The development of the Jaguars' receiving corps and the passing game in general are at the core of the Jaguars' improvement on offense in 2009. "There's no doubt about that," Offensive Coordinator Dirk Koetter said on Thursday.
Koetter commands the league's 11th-ranked offense, up nine spots from last year's position. Heading into Sunday's game in Tennessee, the Jaguars are 11th in rushing and 14th in passing and a team that once was led by its defense now leans heaviest on its offense.
"We're more balanced. We can distribute the ball to any of the wide receivers and tight ends. We have so much more confidence to call a pass play because we know these receivers are going to do the right thing," Koetter said.
The Jaguars' rebuilt wide receiver corps is led by Mike Sims-Walker's 28 catches and Torry Holt's 27. Rookie Mike Thomas has chipped in with 14 catches and has added a run-after-the-catch dimension the Jaguars did not possess last season.
In contrast, the Jaguars' top three receivers from last season are currently out of football.
"It wasn't just those three guys, but we are playing better at wide receiver right now," Koetter said.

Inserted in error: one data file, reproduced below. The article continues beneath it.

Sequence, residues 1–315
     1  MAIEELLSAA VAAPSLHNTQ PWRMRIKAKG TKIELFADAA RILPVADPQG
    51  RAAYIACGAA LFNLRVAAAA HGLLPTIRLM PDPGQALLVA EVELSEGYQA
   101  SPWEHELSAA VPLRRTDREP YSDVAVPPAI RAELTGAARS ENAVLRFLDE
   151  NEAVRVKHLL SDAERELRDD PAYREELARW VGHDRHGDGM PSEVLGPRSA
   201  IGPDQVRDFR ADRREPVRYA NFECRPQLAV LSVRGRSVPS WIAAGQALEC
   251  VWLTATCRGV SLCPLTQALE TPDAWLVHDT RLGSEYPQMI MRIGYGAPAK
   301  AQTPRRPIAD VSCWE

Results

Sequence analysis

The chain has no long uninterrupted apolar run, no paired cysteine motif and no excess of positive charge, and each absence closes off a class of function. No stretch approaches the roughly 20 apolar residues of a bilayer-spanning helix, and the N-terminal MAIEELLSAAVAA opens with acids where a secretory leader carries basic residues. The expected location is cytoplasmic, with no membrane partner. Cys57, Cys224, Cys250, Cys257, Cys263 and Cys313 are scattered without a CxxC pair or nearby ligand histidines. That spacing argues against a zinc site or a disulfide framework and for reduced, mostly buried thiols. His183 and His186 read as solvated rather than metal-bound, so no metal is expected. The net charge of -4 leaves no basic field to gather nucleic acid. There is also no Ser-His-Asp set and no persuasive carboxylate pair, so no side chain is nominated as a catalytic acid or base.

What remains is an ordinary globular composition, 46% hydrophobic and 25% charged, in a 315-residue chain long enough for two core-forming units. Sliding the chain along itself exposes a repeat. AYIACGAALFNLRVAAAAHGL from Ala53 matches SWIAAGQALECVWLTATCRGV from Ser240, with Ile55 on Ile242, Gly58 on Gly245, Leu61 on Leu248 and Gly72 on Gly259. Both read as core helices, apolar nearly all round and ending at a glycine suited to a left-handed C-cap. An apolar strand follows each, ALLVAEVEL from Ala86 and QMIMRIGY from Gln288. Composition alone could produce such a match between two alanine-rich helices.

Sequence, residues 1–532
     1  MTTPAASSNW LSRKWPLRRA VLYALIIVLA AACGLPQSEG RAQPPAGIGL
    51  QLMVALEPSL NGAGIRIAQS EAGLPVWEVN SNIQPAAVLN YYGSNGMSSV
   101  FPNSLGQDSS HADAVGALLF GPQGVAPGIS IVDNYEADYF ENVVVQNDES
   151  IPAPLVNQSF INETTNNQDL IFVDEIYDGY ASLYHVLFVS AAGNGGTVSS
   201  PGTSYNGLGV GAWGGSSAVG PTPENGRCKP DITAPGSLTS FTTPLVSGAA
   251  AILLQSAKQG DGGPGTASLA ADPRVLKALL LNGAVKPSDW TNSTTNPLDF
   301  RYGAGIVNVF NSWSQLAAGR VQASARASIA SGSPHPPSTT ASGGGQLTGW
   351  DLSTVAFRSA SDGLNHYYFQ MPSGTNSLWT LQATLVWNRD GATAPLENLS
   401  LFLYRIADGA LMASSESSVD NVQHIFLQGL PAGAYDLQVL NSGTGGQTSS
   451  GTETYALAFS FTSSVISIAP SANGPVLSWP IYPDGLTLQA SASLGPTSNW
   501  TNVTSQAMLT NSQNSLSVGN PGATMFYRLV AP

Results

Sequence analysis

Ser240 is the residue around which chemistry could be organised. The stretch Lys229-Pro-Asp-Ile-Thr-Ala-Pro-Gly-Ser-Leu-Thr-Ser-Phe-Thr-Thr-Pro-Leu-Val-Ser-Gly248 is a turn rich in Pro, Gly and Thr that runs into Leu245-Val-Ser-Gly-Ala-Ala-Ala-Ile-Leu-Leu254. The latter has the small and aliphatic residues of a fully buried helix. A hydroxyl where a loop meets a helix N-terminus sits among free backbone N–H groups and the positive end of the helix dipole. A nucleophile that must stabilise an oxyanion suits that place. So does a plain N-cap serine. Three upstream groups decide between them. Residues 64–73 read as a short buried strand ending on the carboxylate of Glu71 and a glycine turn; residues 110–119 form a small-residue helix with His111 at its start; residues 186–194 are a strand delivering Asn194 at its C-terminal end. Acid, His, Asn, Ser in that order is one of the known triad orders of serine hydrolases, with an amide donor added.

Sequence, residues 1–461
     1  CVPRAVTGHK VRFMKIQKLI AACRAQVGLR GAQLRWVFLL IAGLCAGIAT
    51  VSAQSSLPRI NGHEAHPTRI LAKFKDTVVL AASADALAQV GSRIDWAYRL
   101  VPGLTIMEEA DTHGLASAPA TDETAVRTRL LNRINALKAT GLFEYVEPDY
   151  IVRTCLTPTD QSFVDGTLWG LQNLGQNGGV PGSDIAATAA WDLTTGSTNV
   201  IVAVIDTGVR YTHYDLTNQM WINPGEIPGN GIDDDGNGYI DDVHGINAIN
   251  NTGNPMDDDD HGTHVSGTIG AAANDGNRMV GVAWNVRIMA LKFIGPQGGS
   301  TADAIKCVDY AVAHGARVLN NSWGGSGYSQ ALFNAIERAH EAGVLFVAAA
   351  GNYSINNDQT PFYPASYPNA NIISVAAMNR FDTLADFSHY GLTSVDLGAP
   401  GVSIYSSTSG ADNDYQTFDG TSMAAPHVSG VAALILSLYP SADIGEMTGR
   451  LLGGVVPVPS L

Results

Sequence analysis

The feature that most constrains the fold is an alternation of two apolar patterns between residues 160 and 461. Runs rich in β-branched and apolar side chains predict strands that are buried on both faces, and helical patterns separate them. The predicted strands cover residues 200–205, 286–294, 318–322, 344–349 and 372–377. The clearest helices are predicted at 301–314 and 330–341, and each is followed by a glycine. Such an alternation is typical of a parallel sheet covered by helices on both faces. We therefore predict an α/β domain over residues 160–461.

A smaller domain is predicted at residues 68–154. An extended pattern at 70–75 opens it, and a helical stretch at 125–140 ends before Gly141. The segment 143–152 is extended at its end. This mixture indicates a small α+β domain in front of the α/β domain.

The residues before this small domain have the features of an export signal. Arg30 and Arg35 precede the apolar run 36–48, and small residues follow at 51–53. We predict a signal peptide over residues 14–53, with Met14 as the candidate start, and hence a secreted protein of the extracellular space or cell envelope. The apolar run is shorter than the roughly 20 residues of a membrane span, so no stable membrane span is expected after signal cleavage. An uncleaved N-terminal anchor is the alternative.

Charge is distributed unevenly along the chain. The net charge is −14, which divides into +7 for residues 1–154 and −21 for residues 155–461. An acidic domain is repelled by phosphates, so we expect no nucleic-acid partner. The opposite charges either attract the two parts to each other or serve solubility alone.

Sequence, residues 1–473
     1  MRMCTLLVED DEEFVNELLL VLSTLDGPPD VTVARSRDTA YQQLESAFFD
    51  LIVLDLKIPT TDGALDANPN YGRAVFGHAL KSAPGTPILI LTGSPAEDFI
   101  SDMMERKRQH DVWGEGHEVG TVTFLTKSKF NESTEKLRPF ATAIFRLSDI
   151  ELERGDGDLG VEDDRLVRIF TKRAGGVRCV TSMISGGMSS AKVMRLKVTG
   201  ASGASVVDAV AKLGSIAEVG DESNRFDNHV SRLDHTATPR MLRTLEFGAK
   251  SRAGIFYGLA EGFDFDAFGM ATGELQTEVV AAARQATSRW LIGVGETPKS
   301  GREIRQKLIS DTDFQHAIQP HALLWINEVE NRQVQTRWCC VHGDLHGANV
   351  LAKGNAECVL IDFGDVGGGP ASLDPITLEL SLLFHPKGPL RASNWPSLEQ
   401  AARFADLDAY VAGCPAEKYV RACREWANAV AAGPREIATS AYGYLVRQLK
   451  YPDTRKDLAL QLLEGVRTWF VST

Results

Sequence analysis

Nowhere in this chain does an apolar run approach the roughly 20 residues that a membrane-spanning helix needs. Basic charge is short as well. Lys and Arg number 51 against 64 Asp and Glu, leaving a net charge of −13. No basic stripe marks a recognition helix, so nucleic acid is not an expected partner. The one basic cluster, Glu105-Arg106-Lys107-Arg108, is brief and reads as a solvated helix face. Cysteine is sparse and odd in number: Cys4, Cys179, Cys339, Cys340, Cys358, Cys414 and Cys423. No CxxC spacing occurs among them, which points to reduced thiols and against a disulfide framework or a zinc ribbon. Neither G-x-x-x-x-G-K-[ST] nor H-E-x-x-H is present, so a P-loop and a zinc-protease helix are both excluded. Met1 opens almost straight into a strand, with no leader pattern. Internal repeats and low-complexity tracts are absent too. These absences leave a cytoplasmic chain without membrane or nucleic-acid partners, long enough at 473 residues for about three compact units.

The Jaguars' improved passing game has helped open running lanes for Maurice Jones-Drew, the league's 10th-ranked rusher with 463 yards.
"Fifty-fifty is hard to defend. That should lead you to score more points," Koetter said of the balance between run and pass most coordinators seek. "The best offense runs when it wants and passes when it wants."
The last time the Jaguars and Titans faced each other, the Jaguars elected to pass the ball. Quarterback David Garrard torched the Titans for two touchdowns in 25 pass attempts in the first half, compared to just four rushes by Jones-Drew, as the Jaguars opened up a 27-3 lead.
Will the Jaguars attempt the same strategy this Sunday against a Titans pass-defense that is ranked last in the league? Koetter, of course, isn't saying.
"Traditionally, Tennessee has been an eight-man-front team, but they're playing more split-safety than they have in the past," Koetter said. Split safeties, of course, is an attempt to help a secondary troubled in pass-coverage.
In the previous meeting between the two teams, the Titans loaded the box and dared the Jaguars to pass, "which several teams have done over the last three years," Koetter said.
This year, however, it's not working. Garrard has better receivers and big plays are up dramatically.
"It's a good place for us to be. We have a little more feel for who we are. We're still growing as a team and each week we're getting better and better," Thomas said.